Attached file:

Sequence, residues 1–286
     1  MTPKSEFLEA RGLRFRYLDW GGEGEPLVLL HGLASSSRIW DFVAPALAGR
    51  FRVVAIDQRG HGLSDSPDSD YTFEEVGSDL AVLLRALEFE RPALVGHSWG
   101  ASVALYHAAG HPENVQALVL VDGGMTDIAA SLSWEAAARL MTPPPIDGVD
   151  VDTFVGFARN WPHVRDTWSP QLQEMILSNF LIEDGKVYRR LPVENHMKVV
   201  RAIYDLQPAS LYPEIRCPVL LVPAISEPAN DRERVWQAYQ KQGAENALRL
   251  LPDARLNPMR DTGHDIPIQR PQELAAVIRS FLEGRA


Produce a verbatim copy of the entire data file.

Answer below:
Sequence, residues 1–286
     1  MTPKSEFLEA RGLRFRYLDW GGEGEPLVLL HGLASSSRIW DFVAPALAGR
    51  FRVVAIDQRG HGLSDSPDSD YTFEEVGSDL AVLLRALEFE RPALVGHSWG
   101  ASVALYHAAG HPENVQALVL VDGGMTDIAA SLSWEAAARL MTPPPIDGVD
   151  VDTFVGFARN WPHVRDTWSP QLQEMILSNF LIEDGKVYRR LPVENHMKVV
   201  RAIYDLQPAS LYPEIRCPVL LVPAISEPAN DRERVWQAYQ KQGAENALRL
   251  LPDARLNPMR DTGHDIPIQR PQELAAVIRS FLEGRA